US 1925343 A
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Description (OCR text may contain errors)
Sept. 5, 1933. w, $|BLEY 1,925,343
INDEX CARD AND METHOD OF PREPARING SAME Original Filed Nov. 23, 1928 2 Sheets-Sheet l Eda/ardWSZ'ZYZ y @Qiww,
Sept. 5, 1933.
E. W. SIBLEY INDEX CARD AND METHOD OF PREPARING SAME Original Filed Nov. 23, 1928 2 Sheets-Sheet 2 dew C E a e in 22 2,
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I l h, i X \a 1 3 I l I 3| 33 gwoomto'o Patented Sept. 5, 1933 PATENT OFFICE INDEX CARD AND METHOD OF PREPARING SAME Edward W. Sibley, Kenmore, N. Y. assignor to Remington Rand, Inc., Buffalo, N. Y.
Original application November 23, 1928, Serial No. 321,413. uary 26, .1931.
This application is a division ofmy co-pending application Serial No. 321,413, filed November 23, 1928. 1
My invention relates to index cards and methods of producing the same and it has particular reference to an index card having a slotted portion for the reception of a similar card in order that a plurality of cards may be assembled in nested visible relation, and to a method whereby such cards may be accurately made and so be caused to nest in aligned relationship.
The various principles, objects and advantages of the invention will be understood from a detailed description with reference to the accompanying drawings, wherein;
Fig. 1 is a front elevational view of two cards disposed in nested relationship.
Fig. 2 is a front elevational view of a single card made in accordance with the present invention.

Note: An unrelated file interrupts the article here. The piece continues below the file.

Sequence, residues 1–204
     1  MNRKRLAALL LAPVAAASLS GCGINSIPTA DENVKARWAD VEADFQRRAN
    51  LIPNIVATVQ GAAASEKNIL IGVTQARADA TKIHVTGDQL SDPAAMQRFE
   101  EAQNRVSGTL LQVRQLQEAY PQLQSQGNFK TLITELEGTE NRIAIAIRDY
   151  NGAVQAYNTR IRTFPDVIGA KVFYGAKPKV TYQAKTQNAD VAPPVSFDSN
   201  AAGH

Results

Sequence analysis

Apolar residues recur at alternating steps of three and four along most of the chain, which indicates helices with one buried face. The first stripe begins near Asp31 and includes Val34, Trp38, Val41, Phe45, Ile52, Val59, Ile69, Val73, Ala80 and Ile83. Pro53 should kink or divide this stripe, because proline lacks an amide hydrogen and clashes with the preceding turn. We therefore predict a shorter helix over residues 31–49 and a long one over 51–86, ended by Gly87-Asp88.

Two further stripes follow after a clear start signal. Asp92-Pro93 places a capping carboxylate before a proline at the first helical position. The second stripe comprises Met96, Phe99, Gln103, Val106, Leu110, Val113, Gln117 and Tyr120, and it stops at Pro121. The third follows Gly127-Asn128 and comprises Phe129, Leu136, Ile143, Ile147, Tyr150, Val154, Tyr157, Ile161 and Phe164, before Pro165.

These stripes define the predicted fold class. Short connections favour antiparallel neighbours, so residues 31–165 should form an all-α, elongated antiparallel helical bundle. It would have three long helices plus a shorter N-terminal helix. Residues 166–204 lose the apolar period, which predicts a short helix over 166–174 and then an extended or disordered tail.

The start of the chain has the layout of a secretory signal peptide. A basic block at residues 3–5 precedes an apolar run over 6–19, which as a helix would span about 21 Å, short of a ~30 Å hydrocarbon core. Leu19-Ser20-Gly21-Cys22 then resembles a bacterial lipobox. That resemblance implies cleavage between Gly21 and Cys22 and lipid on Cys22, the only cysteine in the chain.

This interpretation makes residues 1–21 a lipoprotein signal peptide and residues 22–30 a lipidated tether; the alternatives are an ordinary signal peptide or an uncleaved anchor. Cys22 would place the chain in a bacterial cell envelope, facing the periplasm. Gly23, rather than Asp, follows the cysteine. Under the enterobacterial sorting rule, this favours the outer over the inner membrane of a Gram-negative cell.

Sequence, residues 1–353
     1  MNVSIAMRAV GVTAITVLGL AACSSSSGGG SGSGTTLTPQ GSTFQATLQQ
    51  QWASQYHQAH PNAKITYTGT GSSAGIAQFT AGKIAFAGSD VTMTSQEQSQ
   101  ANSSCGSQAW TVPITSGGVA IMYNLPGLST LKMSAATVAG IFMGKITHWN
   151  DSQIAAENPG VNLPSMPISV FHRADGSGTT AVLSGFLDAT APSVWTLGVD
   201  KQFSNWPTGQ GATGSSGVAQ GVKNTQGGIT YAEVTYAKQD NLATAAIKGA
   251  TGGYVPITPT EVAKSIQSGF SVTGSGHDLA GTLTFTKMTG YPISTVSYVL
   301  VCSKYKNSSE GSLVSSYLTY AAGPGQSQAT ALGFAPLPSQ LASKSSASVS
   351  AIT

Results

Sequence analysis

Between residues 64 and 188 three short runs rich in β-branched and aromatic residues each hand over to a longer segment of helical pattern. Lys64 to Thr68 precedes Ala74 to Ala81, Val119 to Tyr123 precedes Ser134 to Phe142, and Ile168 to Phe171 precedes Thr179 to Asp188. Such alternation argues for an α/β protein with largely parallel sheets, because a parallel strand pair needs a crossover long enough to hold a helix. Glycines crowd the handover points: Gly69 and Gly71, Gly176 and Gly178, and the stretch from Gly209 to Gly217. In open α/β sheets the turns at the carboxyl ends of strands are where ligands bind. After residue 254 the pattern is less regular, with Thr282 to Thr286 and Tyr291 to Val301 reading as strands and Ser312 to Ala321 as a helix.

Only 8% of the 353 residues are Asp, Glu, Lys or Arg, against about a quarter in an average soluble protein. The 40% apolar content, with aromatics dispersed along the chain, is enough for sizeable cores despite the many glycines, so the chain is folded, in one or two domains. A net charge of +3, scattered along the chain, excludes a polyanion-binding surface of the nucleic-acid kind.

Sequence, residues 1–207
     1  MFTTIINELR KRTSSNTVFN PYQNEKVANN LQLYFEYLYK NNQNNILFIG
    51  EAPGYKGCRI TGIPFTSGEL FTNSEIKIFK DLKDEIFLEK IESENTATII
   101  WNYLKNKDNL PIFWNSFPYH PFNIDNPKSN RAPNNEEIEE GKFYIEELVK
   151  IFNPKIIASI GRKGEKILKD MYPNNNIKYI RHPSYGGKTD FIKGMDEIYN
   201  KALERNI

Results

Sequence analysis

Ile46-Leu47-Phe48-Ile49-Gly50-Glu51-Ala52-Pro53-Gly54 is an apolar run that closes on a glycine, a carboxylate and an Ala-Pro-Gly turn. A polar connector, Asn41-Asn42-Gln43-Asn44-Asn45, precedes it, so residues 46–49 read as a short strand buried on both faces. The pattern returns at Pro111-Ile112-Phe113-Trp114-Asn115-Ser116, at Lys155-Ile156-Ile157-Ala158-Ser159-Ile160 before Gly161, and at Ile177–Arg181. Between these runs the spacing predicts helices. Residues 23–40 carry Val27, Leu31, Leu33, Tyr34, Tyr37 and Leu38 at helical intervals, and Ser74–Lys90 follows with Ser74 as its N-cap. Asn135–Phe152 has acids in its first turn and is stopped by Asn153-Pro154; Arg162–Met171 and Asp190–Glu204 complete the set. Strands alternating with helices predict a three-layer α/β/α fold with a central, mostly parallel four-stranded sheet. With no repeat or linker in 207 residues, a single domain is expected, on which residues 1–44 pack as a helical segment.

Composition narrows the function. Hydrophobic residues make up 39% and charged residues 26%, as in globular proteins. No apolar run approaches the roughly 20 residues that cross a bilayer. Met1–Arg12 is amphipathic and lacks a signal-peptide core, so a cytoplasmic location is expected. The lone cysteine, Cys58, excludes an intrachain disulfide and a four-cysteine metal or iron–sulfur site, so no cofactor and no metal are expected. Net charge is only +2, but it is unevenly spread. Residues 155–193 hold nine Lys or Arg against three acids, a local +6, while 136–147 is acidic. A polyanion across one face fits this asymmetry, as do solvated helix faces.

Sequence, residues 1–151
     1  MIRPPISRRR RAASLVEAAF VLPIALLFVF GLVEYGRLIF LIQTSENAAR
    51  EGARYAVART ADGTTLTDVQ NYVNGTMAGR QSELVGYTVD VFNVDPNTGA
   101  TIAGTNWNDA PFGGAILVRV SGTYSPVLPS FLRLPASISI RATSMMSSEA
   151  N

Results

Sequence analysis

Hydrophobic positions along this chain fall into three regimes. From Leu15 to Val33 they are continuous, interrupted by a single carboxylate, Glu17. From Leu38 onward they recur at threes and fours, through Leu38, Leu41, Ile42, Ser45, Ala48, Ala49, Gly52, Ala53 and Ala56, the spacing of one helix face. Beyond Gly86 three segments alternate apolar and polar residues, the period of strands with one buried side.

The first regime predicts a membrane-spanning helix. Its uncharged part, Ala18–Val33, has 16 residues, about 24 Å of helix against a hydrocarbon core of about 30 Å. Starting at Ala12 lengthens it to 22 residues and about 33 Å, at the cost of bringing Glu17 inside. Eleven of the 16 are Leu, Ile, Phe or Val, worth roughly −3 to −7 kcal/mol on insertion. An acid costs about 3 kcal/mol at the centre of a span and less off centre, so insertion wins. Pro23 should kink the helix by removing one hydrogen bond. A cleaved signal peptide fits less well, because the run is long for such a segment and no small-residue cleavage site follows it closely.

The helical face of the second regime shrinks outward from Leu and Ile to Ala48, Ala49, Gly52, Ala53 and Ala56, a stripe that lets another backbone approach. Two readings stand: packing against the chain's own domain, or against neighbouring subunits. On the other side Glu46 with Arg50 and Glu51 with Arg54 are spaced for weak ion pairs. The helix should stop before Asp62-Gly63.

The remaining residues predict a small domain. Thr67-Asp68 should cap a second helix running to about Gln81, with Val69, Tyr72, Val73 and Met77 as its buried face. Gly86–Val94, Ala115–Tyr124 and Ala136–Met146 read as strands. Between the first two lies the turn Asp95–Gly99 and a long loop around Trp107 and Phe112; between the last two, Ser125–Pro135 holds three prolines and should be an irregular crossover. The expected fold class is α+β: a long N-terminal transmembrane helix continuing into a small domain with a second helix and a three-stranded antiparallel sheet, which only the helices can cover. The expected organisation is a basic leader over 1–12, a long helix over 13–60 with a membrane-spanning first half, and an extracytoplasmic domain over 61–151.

Fig. 3 is a fragmentary front elevational view of a plurality of nested cards assembled in a holding frame.
Fig. 4 is a longitudinal cross sectional view of the assembly shown in Fig. 3.
Fig. 5 is a transverse cross sectional view of the assembly shown in Fig. 3.
6 is a fragmentary plan view of a sheet of stock partially processed according to the present invention.
Fig. 7 is a fragmentary side elevational View of the sheet with cutting dies disposed adjacent thereto, and
Fig. 8 is a schematic plan view of apparatus for processing the cards.
It has heretofore been proposed to manufacture index cards which are visible when nested in assembled relationship, by providing a plurality of rectangular cards, such as referred to by the reference numeral 10 in Fig. 2, which cards are provided with slots 11 defining tongues 12 having a re-entrant portion 13. The manner of nesting the cards is indicated in Fig. 1
. wherein the card 10, shown in Fig. 2, is superimposed upon a bling index cards.
Divided and this application J an- Serial No. 511,372
Heretofore, such cards have been provided with a continuous orstraight line lower edge, a portion of which is indicated in Fig. 2 by the reference numeral 21. In the ordinary manufacture of these cards, it has been found that the distance between the lower extremities of the slots 11 and the edge 21 is a variable; that is to say, the distance indicated by the dimension A plus orminus X varies within rather wide limits. The variation in limits results in the cards mounted upon the frame 16 becoming canted or tilted or mis-aligned so that when a plurality of cards are assembled, extreme difficulty is encountered in holding them in their proper relationship.